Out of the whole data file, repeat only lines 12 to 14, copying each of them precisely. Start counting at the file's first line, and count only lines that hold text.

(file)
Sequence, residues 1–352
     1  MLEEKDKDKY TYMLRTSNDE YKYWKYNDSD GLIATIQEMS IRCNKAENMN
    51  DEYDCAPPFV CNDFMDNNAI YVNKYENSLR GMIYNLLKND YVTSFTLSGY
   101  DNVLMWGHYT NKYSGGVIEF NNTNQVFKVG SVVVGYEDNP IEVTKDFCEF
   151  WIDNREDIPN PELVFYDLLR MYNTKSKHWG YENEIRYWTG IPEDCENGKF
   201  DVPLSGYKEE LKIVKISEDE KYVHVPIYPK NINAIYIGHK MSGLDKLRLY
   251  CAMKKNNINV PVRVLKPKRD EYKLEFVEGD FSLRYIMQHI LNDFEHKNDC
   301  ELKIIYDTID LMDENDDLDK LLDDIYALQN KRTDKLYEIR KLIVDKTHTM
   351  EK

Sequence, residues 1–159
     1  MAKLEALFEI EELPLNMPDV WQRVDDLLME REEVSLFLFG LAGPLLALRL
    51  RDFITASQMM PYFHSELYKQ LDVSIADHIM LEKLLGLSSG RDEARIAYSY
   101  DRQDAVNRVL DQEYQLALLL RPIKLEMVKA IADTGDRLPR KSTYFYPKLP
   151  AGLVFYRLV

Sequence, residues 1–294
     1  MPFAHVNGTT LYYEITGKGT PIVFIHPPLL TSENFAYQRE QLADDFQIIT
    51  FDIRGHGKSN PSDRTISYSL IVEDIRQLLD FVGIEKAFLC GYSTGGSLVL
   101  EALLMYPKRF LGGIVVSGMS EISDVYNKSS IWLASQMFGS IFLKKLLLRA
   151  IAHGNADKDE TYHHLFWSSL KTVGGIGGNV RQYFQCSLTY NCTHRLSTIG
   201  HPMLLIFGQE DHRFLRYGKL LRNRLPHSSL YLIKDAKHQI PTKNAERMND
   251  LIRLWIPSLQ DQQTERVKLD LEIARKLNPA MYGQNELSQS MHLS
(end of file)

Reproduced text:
    51  RDFITASQMM PYFHSELYKQ LDVSIADHIM LEKLLGLSSG RDEARIAYSY
   101  DRQDAVNRVL DQEYQLALLL RPIKLEMVKA IADTGDRLPR KSTYFYPKLP
   151  AGLVFYRLV